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[358] regiments two miles off. I do not think I could consent to leave here now, but I leave those behind who have promised to carry on the meeting indefinitely. I have been engaged in this meeting for nearly four weeks. I do not believe such extensive revivals as we are now having through our beloved country have ever been heard of since the days of Pentecost.

Camp letter, no. 15.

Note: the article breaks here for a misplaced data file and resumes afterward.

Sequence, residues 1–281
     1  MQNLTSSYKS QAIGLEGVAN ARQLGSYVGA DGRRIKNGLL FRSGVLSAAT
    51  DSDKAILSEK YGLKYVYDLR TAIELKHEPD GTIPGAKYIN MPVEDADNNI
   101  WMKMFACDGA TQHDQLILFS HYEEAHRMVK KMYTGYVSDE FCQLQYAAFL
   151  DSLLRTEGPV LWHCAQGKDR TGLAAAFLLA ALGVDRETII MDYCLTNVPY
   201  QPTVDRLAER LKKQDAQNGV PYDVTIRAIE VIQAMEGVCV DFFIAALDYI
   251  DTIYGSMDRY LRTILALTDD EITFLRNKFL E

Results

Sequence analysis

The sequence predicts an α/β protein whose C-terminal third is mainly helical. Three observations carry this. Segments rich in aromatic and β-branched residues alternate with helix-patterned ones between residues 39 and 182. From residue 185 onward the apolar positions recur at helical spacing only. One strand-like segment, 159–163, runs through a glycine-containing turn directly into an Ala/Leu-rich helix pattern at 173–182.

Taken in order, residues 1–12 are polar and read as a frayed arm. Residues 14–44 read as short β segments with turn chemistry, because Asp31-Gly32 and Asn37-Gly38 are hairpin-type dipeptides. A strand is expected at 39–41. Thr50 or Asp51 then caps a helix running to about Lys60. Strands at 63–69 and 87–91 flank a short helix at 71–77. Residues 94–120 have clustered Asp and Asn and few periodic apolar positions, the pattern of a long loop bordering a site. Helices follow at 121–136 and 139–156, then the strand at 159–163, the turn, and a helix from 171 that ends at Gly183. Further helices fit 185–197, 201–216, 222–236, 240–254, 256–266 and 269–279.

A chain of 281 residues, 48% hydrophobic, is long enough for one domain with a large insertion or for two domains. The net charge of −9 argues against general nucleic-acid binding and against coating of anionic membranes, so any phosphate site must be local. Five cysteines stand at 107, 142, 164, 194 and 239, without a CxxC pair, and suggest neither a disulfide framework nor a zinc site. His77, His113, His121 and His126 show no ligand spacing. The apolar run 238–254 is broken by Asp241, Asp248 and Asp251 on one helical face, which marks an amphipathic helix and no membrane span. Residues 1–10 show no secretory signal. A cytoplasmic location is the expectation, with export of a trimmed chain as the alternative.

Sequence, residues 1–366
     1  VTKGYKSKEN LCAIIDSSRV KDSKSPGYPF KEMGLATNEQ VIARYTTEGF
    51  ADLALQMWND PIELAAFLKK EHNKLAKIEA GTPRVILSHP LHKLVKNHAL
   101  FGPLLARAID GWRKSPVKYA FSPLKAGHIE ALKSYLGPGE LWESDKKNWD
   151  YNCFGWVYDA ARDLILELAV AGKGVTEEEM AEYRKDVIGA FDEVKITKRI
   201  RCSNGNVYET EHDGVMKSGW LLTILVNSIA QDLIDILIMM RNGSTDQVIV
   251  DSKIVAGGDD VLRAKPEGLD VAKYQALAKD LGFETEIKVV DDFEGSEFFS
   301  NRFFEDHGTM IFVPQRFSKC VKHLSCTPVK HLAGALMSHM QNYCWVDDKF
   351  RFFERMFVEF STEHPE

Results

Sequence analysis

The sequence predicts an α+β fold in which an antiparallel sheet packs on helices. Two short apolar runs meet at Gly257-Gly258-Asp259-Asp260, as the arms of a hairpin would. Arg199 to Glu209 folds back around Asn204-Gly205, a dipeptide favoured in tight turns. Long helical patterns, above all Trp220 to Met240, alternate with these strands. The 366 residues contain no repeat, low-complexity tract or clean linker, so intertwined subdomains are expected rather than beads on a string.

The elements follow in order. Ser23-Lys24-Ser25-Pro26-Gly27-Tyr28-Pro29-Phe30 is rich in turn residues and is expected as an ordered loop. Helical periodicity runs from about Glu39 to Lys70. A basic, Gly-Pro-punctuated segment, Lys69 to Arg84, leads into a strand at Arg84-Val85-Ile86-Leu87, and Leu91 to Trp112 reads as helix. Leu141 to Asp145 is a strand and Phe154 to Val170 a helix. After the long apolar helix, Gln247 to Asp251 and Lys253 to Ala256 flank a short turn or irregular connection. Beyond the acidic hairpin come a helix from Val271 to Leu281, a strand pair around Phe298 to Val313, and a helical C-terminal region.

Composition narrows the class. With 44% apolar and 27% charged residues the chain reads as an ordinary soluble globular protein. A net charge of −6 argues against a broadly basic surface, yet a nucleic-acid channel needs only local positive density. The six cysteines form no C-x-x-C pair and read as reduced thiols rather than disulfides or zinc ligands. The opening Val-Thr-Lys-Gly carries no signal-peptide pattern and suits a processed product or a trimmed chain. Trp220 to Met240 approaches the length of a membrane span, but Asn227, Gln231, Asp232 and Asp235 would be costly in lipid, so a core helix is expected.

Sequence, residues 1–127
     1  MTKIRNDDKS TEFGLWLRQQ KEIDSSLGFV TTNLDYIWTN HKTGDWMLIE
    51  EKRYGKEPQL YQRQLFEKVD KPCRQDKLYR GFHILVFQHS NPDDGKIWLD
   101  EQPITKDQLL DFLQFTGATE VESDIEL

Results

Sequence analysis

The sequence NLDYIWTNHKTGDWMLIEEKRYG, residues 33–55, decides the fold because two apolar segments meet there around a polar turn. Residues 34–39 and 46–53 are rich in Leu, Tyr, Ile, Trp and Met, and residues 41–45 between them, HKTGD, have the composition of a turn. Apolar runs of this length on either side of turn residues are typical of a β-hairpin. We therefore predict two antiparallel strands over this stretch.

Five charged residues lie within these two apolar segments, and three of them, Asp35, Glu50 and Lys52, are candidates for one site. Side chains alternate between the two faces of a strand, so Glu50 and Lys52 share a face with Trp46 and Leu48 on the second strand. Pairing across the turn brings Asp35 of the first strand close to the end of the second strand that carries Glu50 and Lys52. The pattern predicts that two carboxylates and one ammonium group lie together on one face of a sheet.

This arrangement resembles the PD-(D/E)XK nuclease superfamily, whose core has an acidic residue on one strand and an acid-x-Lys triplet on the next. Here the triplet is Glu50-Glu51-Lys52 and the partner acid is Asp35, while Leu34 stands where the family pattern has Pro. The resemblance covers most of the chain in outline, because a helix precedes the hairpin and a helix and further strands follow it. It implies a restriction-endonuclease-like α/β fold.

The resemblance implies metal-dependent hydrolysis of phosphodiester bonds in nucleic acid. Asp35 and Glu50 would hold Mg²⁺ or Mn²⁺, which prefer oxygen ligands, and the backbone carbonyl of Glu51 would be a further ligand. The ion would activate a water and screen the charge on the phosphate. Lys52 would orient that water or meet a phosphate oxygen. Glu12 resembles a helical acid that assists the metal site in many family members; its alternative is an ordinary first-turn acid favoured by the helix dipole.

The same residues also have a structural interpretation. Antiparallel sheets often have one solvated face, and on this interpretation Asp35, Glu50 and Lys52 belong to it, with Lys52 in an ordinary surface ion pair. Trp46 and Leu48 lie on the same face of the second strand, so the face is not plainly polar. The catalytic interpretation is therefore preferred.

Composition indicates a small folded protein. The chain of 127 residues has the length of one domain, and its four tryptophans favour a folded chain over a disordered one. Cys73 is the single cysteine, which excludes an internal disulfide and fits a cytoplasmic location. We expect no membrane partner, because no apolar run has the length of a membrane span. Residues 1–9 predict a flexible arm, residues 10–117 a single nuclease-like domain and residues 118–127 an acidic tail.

Dear Brethren; At our chaplains' meeting, the other day, I was enabled very nearly to complete my list of chaplains in the Infantry and Artillery of the army. The statistics you publish from the Central Presbyterian, are incomplete, and I give you the following as about the correct statement: Total number of chaplains in Ewell's and Hill's Corps, 86; Methodists, 36; Baptists, 20; Presbyterians, 20; Episcopalians, 6; Roman Catholics, 3; Lutherans, I. There are still fifty regiments and battalions without chaplains, but it will be remembered that when our Chaplains' Association sent out, just a year ago, an appeal to the Churches for more laborers in the army, over half the regiments were without chaplains. The large increase will be gratifying not only to the Christian public, but to all who rightly estimate the military power of religion in the army. A year ago there were whole brigades without chaplains, and regiments which had had scarcely a sermon, but this has ceased to be. There is not a brigade which has not one or more chaplains, and the supply of missionary labor has been far greater than during any previous year. Indeed, but for the fact that a large number of chaplains have resigned, the supply would nearly equal the demand. The labors of these messengers of salvation have been wonderfully blessed during the past year, and in contemplating what has been done, we may well “thank God and take courage.” But there is one thought which strikes me painfully in looking over these statistics—the proportion of Baptist chaplains to those of our Methodist and Presbyterian brethren is so small, when we consider the relative membership of each Church. I suppose that there are about as many Baptists as Methodists, and over twice as many as Presbyterians in the army—and yet our Presbyterian brethren have as many chaplains as we, and our Methodist brethren almost twice as many. I rejoice that the ministry of these denominations have awakened to some appreciation of what they owe to the army. I mourn that our

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